Opposition candidate Narendra Modi will be the next prime minister of India, with early election results on Friday showing the pro-business Hindu nationalist and his party headed for the biggest victory the country has seen in 30 years. India’s ruling Congress party conceded defeat Friday. Congress party spokesmen told reporters the party had accepted that the country decided to vote against them. The alliance led by Modi’s Bharatiya Janata Party (BJP) was winning the vote count in 325 parliamentary seats, far more than the majority of 272 required to rule. Even on its own, the BJP was ahead in 273 seats. The United Progressive Alliance led by the Gandhi family’s Congress party, which has ruled India for the last decade, was leading in just 67 seats – its worst-ever showing.

India: Votes for Sale: India’s Election Problem | Wall Street Journal

The big question for some voters as India’s marathon national election reaches its final stages isn’t who will win, it is how much candidates will dole out in cash, alcohol and other goodies to bag their support. Residents and election officials alike say vote-buying has long been a problem in the world’s largest democracy, even though it is against the law. Early reports suggest it may be widespread again in the current round, which began April 7 and ends Monday. Results are expected four days later. In the northern state of Punjab, for instance, election-monitoring teams have seized over 100 kilograms (220 pounds) of heroin, 50 kilograms of opium and thousands of liters of illicit alcohol that they believe may have been meant for buying votes. In the southern state of Andhra Pradesh, police are investigating possible criminal charges against the wife of a candidate who was caught carrying $75,000 in cash in a computer bag while traveling on a public bus to her husband’s constituency. The woman denied any wrongdoing.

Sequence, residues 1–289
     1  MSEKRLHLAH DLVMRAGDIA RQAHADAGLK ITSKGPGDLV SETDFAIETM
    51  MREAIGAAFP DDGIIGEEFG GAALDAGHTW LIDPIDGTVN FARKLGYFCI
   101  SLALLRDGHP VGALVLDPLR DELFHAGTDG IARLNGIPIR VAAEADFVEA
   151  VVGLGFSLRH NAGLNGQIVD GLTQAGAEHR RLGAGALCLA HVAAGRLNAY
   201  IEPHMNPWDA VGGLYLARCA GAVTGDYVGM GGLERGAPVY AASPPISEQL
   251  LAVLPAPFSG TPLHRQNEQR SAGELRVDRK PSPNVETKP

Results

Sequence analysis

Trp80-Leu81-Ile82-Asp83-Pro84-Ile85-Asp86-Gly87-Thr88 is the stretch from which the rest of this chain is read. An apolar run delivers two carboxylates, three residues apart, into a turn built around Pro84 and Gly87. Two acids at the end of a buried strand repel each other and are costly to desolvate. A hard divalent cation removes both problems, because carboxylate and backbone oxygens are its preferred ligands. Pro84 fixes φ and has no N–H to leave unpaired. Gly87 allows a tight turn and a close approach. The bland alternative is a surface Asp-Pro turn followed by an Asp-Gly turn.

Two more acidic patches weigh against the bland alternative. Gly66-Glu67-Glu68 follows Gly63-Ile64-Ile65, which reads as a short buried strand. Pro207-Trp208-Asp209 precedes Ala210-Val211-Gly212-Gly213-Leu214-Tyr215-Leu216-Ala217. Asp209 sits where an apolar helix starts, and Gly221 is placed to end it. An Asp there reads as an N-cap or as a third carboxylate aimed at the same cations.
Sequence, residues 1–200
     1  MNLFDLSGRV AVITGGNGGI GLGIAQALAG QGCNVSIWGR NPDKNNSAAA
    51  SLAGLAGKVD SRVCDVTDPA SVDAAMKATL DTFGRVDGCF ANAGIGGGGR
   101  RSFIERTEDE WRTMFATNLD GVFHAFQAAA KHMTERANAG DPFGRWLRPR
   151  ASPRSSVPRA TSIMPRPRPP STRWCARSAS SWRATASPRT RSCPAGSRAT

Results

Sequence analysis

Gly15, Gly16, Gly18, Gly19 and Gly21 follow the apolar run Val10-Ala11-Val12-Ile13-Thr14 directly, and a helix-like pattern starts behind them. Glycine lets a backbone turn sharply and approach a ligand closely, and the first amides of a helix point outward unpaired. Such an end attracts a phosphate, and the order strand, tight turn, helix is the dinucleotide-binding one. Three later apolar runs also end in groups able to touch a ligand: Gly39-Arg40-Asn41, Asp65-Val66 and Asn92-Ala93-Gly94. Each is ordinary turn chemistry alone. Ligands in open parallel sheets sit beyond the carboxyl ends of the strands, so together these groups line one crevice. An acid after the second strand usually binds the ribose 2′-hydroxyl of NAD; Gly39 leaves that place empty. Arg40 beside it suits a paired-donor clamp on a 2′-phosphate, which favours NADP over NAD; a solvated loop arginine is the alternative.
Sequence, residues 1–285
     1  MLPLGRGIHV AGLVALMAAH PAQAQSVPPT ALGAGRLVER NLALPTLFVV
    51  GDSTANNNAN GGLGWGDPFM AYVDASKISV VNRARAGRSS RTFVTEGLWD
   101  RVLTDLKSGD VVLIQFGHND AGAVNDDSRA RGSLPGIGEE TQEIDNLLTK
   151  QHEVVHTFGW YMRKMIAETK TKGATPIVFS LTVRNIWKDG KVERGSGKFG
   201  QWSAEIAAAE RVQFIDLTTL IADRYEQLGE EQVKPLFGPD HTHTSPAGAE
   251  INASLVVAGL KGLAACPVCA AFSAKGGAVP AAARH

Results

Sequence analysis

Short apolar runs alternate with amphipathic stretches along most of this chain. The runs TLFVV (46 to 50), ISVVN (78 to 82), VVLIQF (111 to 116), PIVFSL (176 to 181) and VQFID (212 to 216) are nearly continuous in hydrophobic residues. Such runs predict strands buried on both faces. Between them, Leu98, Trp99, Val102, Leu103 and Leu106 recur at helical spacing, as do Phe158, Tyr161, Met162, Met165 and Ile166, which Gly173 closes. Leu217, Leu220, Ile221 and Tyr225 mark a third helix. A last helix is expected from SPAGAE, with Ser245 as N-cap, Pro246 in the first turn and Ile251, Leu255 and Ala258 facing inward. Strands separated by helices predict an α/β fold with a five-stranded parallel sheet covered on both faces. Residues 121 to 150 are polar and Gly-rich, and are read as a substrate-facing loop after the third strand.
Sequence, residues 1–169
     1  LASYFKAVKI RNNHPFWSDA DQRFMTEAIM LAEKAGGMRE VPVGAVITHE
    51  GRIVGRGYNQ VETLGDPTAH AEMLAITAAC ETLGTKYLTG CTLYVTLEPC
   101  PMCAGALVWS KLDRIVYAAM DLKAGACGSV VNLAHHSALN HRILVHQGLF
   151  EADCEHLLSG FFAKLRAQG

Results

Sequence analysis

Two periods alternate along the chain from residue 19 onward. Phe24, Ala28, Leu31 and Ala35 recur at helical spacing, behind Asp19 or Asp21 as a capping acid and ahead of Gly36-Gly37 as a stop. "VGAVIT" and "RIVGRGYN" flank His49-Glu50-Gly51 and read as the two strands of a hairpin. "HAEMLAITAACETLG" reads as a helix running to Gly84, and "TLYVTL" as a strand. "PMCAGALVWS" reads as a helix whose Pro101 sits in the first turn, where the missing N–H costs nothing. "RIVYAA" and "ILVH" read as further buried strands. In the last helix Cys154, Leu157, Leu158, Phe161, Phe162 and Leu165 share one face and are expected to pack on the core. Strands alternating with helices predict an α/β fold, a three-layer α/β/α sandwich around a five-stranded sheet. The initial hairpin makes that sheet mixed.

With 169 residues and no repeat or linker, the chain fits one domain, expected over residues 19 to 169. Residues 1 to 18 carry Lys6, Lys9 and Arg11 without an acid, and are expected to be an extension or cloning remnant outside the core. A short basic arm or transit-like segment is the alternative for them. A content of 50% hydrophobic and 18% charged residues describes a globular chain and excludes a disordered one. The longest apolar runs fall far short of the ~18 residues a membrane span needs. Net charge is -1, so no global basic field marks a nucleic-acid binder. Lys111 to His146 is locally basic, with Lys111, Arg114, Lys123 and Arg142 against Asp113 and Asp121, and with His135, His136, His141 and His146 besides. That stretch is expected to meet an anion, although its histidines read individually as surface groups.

Editorials: India’s protracted election: Speed it up | The Economist